Tuesday, June 20, 2017

Paris Peasant - Louis Aragon wanders around - A laudable error. But a delectable folly.

Paris Peasant, Louis Aragon, 1926, translated by Simon Watson Taylor.  A Surrealist novel, in some sense, although I do not understand what use there might be in calling this a novel.  The book contains a short preface that I did not understand; a hundred-page tour of the shops in a covered passage, destroyed just after Aragon wrote the piece, that is a classic of Paris flaneuring; another bit of wandering in the Parc des Buttes-Chaumont, this time at night, and accompanied by André Breton; and a final manifesto-like piece that I did not understand.

The root of Surrealism (“offspring of frenzy and darkness,” p. 65 of the 1994 Exact Change edition) is realism, right?  Aragon is at one of the hairdressers in the Passage de l’Opera.  He is rhapsodizing on the subject of blond hair:

What is blonder than the froth of moss?  I have often though I saw champagne on the floor of forests.  And chanterelles!  And agaric!  Darting hares!  The moons of fingernails!  The colour pink!  The blood of plants!  The eyes of bitches!  Memory: memory is truly blond.  (p. 40)

Twaddle, perhaps, but glorious twaddle, imaginatively free twaddle.  Aragon has provided himself with a form that is both rigid – a passage, a straight line – and endlessly free and digressive, with room for poems and a little play (“Man Converses with His Faculties”) and essays on anything.  Plus lots of signage and typography, which I suppose I could scan.  Maybe it’s on the internet somewhere.  The drink menu of the Certa café is reproduced.  There is a Dada Cocktail for four francs.  Aragon did not pick the Passage de l’Opera at random – it is packed with Surreal history, “the last traces of the Dada movement” (92):

What memories, what revulsions linger around these hash houses: the man eating in this one has the impression he is chewing the table rather than a steak, and becomes irritated by his common, noisy table companions, ugly, stupid girls, and a gentleman flaunting his second-rate subconscious and the whole unedifying mess of his lamentable existence; while, in another one, a man wobbles on his chair’s badly squared legs, and concentrates his impatience and his rancours upon the broken clock…  The whole scene – sweaty walls, people, stodgy food – is like a smear of candle grease.  (92-3)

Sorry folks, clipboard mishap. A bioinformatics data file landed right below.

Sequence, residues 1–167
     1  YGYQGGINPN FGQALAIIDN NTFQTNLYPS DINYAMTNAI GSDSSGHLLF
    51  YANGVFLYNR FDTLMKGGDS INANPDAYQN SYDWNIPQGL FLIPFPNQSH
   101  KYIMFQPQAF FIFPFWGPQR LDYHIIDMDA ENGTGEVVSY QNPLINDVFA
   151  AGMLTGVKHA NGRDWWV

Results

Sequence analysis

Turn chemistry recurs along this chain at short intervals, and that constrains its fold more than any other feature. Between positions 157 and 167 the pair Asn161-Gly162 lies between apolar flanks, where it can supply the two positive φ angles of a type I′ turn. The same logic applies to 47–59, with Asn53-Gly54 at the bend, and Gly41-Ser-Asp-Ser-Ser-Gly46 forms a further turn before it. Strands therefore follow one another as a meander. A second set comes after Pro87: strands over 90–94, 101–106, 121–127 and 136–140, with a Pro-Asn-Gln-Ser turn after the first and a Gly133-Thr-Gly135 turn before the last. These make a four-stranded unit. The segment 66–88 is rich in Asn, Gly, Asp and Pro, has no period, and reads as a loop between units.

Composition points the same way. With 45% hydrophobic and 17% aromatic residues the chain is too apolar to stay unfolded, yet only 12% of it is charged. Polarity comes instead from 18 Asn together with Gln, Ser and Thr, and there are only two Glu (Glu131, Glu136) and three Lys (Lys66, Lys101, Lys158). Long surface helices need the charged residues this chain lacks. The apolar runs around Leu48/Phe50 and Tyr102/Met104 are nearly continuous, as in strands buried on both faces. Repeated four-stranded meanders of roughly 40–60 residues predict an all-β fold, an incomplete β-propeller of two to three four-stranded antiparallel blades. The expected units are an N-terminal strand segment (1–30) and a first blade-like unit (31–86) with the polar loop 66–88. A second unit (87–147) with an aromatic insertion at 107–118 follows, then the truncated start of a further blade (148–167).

The book is well written and well observed when Aragon wants it to be.  A classic of urban writing.  A classic of looking around.

What was I up to?  Let me put it like this: I thought I was prodding metaphysics forward an inch or two.  A laudable error.  But a delectable folly.  (184-5)

Not so far, really, from how I think about art.


  1. I remember enjoyed the first 100 pages of this, about wandering down a Parisian street, and then giving up when it entered the realms of "philosophy".

  2. I'm rather fond of Aragon's resistance poetry, particularly "The Rose and the Mignonette". The alliteration of the refrain "Celui qui croyait au ciel"/"He who believed in heaven" gets me every time. Never tried his prose though, and I gather some of his Communist propaganda poetry is quite awful (I mean, the resistance stuff is propaganda too, but it's propaganda I agree with at least). His wife, Elsa Triolet, was the sister of Mayakovsky's muse Lily Brik, and a prize-winning writer in her own right.

  3. I have this lurking somewhere but have never managed to get to it - but it sounds as if the language is rather lovely even if it doesn't necessarily add up to much! :)


  4. I see that obooki and I came to similar points, with the difference that I neurotically turned all the pages.

    To the extent the book adds up to something, it is not a story, but a perspective, and perhaps a method.

    Aragon's poetry from the war is what is in every bookstore in Lyon. I understand that he wrote Communist propaganda novels, too, which sound unreadable, "unreadable" being a metaphor.

  5. Maybe it's only because I had a very nice day in that park (though the temple was closed for repairs), but this looks pretty tempting. Also, yes, attractive prose, the "laudable error" passage, etc.

  6. Now that's the right spirit for this book. Next time I'm in Paris I should see Buttes-Chaumont for myself.

  7. His wife, Elsa Triolet, was the sister of Mayakovsky's muse Lily Brik, and a prize-winning writer in her own right.

    She was the one who found and fell in love with Mayakovsky, and then she took him to the Briks' to show him off and her big sister Lily stole him right away from her. Thanks, sis! Later on, in exile, Victor Shklovsky and Roman Jakobson both fell madly in love with Elsa, but she was irritated by their attentions and still pined for Mayakovsky. Dear Abby would have had a blast with this crew.

    Elsa's first couple of novels were in Russian (her first, Tahiti, was based on letters she wrote to Shklovsky, which he used for his amazing Zoo or Letters Not About Love and which caught the attention of a publisher); I have them and will probably get around to reading them someday.